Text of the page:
Grammy watch: Vancouver’s Miles Jay on his best music video nomination

Young filmmaker from B.C. up for potential honour

THE CANADIAN PRESS

TORONTO — Vancouver-born director Miles Jay was on a fruitless pursuit of accolades before he finally realized his mistake.

Like many young filmmakers, he thought taking on projects that felt like guaranteed award winners would bring a future of trophies.

“I spent a lot of time in the early part of my career really wanting them and hunting for them,” admits the director, who was born Miles Jay Robison.

It wasn’t until he gave up the chase that recognition began to emerge.

Now the 27-year-old is directing major commercials — he shot two Super Bowl spots with John Malkovich — and has a Cannes Silver Lion on his mantel. He could grab another trophy Sunday night at the Grammy Awards.

His powerful visual take on the song “River” by soul singer Leon Bridges is nominated for best music video alongside heavy-hitters like Beyonce’s “Formation” and Coldplay’s “Up&Up.”

The seven-minute clip focuses on the lives of Baltimore residents in the aftermath of protests over the death of Freddie Gray, a black man who died while in police custody in 2015.

The video is mostly a fictional interpretation of scenes Jay witnessed.

The director formulated his idea after wandering the streets of Baltimore in search of inspiration for a feature film. As a Canadian living in Brooklyn, N.Y., he wanted to better understand the simmering racial tensions within the city.

“I was much more interested in what people did when they left the riots,” Jay says of his approach to the “River” video.

“What it was like to go home after a moment of police brutality, or a vigil.”

The video was filmed with a mostly Canadian crew, including cinematographer Chayse Irvin, who also worked on Beyonce’s Grammy-nominated music film “Lemonade.”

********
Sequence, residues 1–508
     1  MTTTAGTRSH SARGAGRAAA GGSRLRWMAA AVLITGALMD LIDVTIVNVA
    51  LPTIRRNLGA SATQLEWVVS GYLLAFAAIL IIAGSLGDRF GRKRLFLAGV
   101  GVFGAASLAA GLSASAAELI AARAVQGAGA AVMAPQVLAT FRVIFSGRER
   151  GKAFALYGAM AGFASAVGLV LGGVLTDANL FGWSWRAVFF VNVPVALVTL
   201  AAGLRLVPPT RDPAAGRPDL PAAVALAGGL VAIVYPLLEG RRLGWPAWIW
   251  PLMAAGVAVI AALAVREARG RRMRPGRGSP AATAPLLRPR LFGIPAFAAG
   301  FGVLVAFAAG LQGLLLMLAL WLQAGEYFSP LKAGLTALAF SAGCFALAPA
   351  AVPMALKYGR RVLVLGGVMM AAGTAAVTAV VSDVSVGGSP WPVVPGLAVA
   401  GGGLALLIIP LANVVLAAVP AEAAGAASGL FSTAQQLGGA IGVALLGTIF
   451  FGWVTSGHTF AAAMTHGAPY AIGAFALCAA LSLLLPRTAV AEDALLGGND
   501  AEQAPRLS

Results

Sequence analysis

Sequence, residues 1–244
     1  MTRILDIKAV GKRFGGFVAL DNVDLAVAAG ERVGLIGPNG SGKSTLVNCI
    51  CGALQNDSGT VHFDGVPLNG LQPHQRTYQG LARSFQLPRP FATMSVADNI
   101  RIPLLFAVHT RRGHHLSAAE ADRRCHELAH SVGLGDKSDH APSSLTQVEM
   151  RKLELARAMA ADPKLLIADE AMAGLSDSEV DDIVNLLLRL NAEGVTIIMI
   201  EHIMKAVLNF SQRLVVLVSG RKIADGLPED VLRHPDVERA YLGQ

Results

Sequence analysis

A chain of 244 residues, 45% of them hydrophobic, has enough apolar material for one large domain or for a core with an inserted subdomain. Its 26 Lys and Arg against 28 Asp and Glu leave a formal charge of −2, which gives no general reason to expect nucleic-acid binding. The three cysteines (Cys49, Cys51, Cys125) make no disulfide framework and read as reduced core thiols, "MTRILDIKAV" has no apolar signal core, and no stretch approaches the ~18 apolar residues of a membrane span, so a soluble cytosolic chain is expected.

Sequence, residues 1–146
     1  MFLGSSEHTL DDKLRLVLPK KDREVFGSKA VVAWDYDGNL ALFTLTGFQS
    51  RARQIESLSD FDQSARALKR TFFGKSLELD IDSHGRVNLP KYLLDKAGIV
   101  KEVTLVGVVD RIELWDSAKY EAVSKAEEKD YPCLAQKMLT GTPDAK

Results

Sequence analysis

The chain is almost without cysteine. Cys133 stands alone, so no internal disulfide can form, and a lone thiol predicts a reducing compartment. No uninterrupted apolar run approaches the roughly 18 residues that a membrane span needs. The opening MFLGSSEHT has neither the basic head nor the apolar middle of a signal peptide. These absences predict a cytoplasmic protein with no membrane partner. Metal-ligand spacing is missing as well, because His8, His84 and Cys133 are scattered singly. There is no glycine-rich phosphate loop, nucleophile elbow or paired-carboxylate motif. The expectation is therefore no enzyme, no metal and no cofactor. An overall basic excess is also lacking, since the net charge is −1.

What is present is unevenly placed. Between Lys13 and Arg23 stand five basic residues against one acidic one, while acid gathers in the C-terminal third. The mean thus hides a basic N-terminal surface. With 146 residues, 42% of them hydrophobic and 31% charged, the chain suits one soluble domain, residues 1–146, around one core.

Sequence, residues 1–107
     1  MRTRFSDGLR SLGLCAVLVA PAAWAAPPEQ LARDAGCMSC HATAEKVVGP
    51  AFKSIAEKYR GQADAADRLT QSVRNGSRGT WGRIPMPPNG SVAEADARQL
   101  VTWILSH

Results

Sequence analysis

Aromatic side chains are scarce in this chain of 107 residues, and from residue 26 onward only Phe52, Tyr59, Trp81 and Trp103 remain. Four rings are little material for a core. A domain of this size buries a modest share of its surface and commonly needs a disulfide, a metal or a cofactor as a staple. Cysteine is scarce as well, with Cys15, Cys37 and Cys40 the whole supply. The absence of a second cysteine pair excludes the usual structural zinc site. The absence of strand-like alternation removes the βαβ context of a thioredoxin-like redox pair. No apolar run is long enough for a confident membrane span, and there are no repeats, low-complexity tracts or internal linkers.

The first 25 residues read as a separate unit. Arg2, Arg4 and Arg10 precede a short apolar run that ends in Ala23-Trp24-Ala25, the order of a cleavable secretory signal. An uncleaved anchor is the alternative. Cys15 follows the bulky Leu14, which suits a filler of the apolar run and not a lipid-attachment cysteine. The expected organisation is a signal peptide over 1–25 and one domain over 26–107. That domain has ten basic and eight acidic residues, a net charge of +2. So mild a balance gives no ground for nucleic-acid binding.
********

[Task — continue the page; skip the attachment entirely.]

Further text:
Jay says they found inspiration in the work of photographer Bruce Davidson, who’s known for documenting America’s class struggles and economic strife while treating his subjects with dignity.

He expanded on his Baltimore memories with fictionalized stories, and residents were cast for the video’s vignettes.

Earning the trust of his inexperienced actors was monumental to making “River” work, says Jay.

“The key is to stay with those people,” he says. “Not just shoot them and run away.”

One of the most tender moments he wanted to recreate happened between a mother and son Jay watched as they left a Baltimore vigil that fateful summer. In the video, he extended their story into a private moment back at home.

Another scene features a blood-drenched father returning home to hold his baby. It was inspired by a friend Jay met at a community centre.

Other scenes were pulled directly from real life, like footage of a church congregation holding a baptism beneath a fire hose. It doubles as a reminder of clashes with police during the U.S. civil rights movement, Jay says.

Bridges is also seen in the video playing his guitar in a hotel room while news footage of the Gray riots plays on a fuzzy television screen.

Jay says he likes that viewers aren’t necessarily able to separate the truth from the fiction in his video.

“We all look at the world through our own emotions and experience,” he says.

“That balance (of) trying to figure out if it’s real or not, I think that’s more what life is like.”

– David Friend, The Canadian Press

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